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Sept. 21, 2010
Sul Ross Receives TPWD Grant to Address Pronghorn Decline
ALPINE — In an effort to investigate an alarming and unexplained decline of pronghorn in far West Texas, the Texas Parks and Wildlife Department has awarded a 3-year $111,210 grant to the Borderlands Research Institute for Natural Resource Management at Sul Ross State University.
The goal of the project is to identify possible causes for the declining pronghorn herds and to evaluate two competing hypothesis regarding pronghorn survival and productivity. Other funding partners include various Chapters of Safari Club International from across the country including the West Texas (Midland/Odessa), Lubbock, Paso del Norte (El Paso), Southern New Mexico (Roswell), and Pittsburgh (Pennsylvania) chapters.
In the desert Southwest, pronghorn populations ebb and flow with rainfall. Pronghorn numbers across the Trans-Pecos have been dwindling since the drought of the 1990s. Once the drought broke, pronghorn and other wildlife populations began to respond with increased reproduction and survival.
However, during the past three years when rainfall provided adequate habitat (food, cover, and water), pronghorn populations have plummeted. In fact, 2010 pronghorn population estimates in the Trans-Pecos are the lowest since the 1970s with an estimated 4,713 pronghorn across the region.
Carter Smith, TPWD executive director, recently attended a meeting of the Pronghorn Working Group (a group of landowners, biologists, hunting guides, and scientists that was formed to help address the declining pronghorn herd).
“The decline of pronghorn in West Texas is a priority for our agency,” Smith said. “The formation of this Pronghorn Working Group and the funding of this grant are the first steps in helping our pronghorn herds.”
The first phase of the study is to evaluate the role of gastrointestinal parasites in pronghorn. Based on sampling efforts in 2009, researchers documented 95 percent occurrence of parasitic round worm (Haemonchus contortus) in hunter-harvested pronghorn. In addition, some of the pronghorn had more than 4,000 individual worms in their stomach. High loads of roundworms can cause anemia in pronghorn, making them weak or even resulting in death. This study will help biologists better understand the relationship between pronghorn and their parasite loads.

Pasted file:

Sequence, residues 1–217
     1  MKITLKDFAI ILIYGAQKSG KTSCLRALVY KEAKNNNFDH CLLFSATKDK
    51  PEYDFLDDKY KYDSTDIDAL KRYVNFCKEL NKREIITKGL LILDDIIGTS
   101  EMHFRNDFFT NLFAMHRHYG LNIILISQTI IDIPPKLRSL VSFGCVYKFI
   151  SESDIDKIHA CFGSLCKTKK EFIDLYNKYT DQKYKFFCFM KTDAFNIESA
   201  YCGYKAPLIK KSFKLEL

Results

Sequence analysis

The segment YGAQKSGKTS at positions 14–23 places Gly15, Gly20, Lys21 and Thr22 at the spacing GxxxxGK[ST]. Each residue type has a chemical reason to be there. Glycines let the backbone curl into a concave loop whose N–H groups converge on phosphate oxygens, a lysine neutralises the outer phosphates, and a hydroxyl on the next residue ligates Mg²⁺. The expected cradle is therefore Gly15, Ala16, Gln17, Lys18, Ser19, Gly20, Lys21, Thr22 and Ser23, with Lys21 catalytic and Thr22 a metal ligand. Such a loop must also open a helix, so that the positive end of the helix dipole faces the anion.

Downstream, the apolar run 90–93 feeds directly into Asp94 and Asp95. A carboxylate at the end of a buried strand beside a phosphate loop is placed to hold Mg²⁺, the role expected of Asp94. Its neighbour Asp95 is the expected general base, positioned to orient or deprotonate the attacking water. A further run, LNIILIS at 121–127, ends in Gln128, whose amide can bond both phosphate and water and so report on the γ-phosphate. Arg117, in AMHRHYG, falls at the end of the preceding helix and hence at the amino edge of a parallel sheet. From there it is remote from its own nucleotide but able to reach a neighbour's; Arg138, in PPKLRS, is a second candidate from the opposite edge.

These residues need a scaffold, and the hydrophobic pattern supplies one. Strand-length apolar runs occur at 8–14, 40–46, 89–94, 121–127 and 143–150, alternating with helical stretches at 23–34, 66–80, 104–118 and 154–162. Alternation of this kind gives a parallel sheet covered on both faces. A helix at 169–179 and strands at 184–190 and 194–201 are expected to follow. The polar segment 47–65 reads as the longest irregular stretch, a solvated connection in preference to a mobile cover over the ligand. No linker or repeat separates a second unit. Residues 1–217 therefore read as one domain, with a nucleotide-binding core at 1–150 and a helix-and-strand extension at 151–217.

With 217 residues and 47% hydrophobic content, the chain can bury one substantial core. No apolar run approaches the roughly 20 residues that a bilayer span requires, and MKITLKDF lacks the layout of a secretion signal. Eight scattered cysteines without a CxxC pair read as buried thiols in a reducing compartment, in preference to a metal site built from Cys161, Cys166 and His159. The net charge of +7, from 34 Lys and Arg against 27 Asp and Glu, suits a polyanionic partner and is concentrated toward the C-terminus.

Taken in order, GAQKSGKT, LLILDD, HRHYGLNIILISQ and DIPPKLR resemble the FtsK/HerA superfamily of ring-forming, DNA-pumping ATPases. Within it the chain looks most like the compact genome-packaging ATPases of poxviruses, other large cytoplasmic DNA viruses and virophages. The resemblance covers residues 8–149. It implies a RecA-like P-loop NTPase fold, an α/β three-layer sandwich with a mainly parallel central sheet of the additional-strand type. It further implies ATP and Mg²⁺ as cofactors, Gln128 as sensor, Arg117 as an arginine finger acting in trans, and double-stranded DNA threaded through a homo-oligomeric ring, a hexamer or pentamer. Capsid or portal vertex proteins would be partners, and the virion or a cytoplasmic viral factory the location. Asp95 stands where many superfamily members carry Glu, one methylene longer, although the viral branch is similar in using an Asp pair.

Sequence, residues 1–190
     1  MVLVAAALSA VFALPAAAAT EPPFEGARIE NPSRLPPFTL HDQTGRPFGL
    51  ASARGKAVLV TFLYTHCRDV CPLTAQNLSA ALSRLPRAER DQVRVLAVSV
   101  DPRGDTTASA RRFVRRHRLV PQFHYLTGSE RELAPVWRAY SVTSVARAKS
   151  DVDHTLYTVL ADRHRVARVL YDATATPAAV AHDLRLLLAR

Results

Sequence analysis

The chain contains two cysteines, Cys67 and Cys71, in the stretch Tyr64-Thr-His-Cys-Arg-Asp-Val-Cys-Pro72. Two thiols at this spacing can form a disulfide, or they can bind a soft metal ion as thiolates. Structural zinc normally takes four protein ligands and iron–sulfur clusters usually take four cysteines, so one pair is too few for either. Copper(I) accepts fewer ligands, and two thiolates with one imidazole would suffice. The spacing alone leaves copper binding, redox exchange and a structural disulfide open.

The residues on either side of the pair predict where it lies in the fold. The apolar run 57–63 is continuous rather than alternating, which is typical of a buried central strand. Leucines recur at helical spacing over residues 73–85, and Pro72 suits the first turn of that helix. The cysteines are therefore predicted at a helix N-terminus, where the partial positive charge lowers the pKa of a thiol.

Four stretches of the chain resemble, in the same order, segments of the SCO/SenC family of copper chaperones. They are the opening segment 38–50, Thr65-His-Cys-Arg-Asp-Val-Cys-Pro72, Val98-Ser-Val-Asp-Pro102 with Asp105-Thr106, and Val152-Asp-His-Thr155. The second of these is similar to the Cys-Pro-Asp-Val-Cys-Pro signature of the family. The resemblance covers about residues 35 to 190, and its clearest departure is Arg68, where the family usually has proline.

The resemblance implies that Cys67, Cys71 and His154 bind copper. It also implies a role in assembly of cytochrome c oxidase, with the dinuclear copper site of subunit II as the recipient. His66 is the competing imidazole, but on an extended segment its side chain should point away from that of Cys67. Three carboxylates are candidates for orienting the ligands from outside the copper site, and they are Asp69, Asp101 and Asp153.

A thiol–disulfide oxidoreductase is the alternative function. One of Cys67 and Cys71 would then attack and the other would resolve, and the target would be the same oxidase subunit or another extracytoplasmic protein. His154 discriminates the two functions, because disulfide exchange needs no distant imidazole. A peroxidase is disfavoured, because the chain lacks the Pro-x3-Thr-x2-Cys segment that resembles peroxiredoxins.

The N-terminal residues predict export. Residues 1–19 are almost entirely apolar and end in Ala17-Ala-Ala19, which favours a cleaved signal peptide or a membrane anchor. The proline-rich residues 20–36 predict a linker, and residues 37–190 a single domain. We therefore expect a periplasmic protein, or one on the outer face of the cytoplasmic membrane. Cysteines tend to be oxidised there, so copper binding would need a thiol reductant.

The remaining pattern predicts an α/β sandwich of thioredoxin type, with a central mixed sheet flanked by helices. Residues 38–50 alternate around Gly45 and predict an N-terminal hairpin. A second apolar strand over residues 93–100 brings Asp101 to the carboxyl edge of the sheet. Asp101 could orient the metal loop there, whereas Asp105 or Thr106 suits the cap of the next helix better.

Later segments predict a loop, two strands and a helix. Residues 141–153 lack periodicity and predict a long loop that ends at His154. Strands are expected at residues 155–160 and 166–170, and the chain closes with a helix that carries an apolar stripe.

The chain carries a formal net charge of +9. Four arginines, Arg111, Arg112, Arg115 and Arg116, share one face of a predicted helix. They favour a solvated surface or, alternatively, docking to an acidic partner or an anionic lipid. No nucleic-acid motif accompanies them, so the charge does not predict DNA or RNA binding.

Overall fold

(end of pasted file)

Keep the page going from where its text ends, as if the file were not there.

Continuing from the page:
The research team will be coordinating a large-scale effort to obtain stomach, blood, and tissue samples from all harvested pronghorn across the Trans-Pecos during the 9-day hunting season that runs from Oct. 2-10. Efforts will also be made to obtain samples from the Texas Panhandle, New Mexico, and Arizona.
The second phase of the study will monitor causes of pronghorn fawns mortality. Predation can be significant in pronghorn populations, especially on fawns. Beginning in spring 2011, researchers will monitor fawn productivity and survival across four core study sites in the Trans-Pecos. By monitoring the fawns, researchers will be able to assess predation and survival. Additionally, biologists will be able to determine if predated fawns have high loads of stomach worms making them more susceptible to predation.
Shawn Gray (Pronghorn and Mule Deer Program Leader for TPWD) and Billy Tarrant (Trans-Pecos District Leader for the Wildlife Division) will be making a presentation “Where have all the pronghorn gone?” on Tuesday, Sept. 28 at 5:15 p.m. in Room 130, Turner Range Animal Science Center at Sul Ross. In the presentation, Gray and Tarrant will provide a brief history of pronghorn, discuss population trends, and outline the steps TPWD and other partners are making to identify the causative factors associated with the decline.
The presentation is sponsored by the Sul Ross Range and Wildlife Club and is open to the public. Light refreshments will be provided following the presentation.
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